Major League Debut

Adames was called up on May 22, and he popped a home run in his very first game against the Red Sox. But he only played the three-game series and was sent back down before getting another call up on June 11. He batted just .224 until July 12 when he was sent down yet again over the All-Star break. Returning on July 22, the Dominican was back to stay, and it was no secret why. He slashed .305/.383/.435 the rest of the way, and his OBP was the best in baseball among shortstops in that span. Adames achieved this slash line despite driving the ball into the ground more than he ever has before. His 56.8% ground-ball rate was also highest among shortstops, but his 39.7% Hard% guided these balls through the infield. His 11.0% BB% was beautiful, but we’d like to see an improvement on his high 26.8% K%.

The right-hander also hit seven long balls and stole five bases in this second half span, finishing the year with 10 and six respectively. He got caught an ugly five times, but with a bit more experience and recognition of pitchers in the league, his rates are guaranteed to increase. Statcast measured Adames’ sprint speed at 28.5 ft/sec right between Lorenzo Cain (28.6) and Fransisco Lindor (28.4). The Rays as a team led the bigs in stolen base attempts per game in 2018, so the opportunities will also come. As for the power, his .130 second-half ISO mark was respectable, especially given the high ground-ball rate. His 19.4 HR/FB buoyed his HR production a bit, but he was hitting the baseball at only a 14.9% Soft%, so anything in the air had an excellent chance to fly far.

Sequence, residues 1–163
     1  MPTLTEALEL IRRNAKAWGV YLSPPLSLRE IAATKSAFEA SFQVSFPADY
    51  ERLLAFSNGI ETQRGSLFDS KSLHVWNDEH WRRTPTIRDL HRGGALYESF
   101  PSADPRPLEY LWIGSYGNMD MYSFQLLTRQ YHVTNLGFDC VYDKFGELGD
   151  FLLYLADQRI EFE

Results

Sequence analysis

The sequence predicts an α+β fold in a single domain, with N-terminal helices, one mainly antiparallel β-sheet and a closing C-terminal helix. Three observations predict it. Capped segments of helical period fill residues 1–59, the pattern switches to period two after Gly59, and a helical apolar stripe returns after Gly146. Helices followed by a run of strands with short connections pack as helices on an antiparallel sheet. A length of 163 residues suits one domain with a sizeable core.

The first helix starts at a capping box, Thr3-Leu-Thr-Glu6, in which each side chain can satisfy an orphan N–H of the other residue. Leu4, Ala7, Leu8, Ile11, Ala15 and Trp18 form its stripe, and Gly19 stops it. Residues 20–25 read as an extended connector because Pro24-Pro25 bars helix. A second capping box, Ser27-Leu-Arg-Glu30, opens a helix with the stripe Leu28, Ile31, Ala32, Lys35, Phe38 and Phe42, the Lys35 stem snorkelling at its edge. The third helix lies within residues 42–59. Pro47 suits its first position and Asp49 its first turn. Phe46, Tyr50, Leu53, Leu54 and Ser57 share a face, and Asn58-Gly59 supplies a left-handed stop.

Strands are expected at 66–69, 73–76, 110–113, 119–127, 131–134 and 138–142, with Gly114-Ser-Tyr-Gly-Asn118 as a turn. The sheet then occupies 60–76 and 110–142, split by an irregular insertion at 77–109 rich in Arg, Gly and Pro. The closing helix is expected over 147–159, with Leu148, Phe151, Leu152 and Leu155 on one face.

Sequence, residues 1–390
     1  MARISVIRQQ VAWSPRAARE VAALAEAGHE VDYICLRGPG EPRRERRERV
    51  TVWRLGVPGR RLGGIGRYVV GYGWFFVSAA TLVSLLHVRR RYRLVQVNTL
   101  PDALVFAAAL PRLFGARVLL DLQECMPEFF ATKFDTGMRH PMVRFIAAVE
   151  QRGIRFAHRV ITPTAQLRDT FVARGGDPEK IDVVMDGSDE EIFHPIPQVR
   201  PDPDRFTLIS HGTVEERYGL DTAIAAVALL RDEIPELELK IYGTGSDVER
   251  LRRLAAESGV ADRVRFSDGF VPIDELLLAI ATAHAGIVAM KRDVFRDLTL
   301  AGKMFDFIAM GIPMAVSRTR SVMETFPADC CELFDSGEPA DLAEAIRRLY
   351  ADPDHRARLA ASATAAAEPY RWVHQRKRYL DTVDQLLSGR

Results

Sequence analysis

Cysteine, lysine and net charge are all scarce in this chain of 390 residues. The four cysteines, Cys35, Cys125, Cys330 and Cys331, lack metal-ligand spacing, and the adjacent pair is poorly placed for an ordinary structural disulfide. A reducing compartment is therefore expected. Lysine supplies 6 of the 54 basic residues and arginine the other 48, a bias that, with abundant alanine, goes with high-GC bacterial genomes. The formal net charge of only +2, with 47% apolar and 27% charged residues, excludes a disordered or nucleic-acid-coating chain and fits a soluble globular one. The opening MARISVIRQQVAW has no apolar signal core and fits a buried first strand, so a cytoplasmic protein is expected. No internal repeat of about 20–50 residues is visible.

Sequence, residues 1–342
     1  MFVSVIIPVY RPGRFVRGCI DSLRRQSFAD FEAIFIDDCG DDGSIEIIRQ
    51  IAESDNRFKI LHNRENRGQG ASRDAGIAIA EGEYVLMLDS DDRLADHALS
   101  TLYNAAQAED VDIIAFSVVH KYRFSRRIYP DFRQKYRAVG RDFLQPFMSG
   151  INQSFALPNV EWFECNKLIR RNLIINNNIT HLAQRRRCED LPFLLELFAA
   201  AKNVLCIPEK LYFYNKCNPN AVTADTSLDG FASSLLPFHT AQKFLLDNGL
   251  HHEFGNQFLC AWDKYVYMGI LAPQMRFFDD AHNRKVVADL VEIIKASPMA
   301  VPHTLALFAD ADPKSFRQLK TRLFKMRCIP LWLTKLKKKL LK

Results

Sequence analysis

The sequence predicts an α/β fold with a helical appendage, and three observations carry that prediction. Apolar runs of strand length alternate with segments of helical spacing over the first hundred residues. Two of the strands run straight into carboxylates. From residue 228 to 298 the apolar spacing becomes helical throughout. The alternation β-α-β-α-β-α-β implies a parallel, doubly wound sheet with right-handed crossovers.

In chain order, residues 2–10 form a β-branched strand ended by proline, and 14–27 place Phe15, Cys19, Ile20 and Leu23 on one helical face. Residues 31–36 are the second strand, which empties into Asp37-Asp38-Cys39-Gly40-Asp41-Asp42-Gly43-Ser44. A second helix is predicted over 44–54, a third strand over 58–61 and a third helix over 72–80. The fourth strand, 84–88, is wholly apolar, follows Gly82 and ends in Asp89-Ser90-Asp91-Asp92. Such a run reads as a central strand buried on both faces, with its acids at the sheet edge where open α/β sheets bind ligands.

2019 Projected Value

Adames spent the majority of his rookie campaign in the six spot, and if he wasn’t batting in that spot, it was between seventh and ninth. He has the profile as a top three bat in the order but fixated at two of these spots are Tommy Pham and the injury-plagued Kevin Kiermaier. It will be a situation to monitor in spring training as to who will be joining them at the top of the lineup. With Joey Wendle being Adames’ primary competition, it’s wise to think the Rays would go with the bat of their future rather than a player who came out of nowhere to debut in the majors at age 28.

At the top of the order, Adames’ Run and RBI counting stats will come into fruition. The solid walk numbers, and the above average line drive and hard hit rates will have him flirting in the .300 range, especially if he can cut down the strikeout rate. Positive regression in the GB/FB category will balance out the inflated HR/FB rate from last year, so 15 HR is a safe floor, but 20 or more certainly isn’t out of the realm of possibility. The free-wheeling Rays will also be looking for unique ways to score runs with the losses of a couple run producing bats from last season. Expect the stolen base opportunities to come, and with a certain improvement in the success rate, a total equal to his HR output is feasible. Lindor, as mentioned above, has a similar track record that resembles Adames’ minor league numbers and his debut season. Matching the MVP candidate's first full year output of .301/15/99/78/19 is in the cards. With an ADP of 204, Adames is someone worth targeting if you miss out on those elite shortstops that get selected in the first few rounds.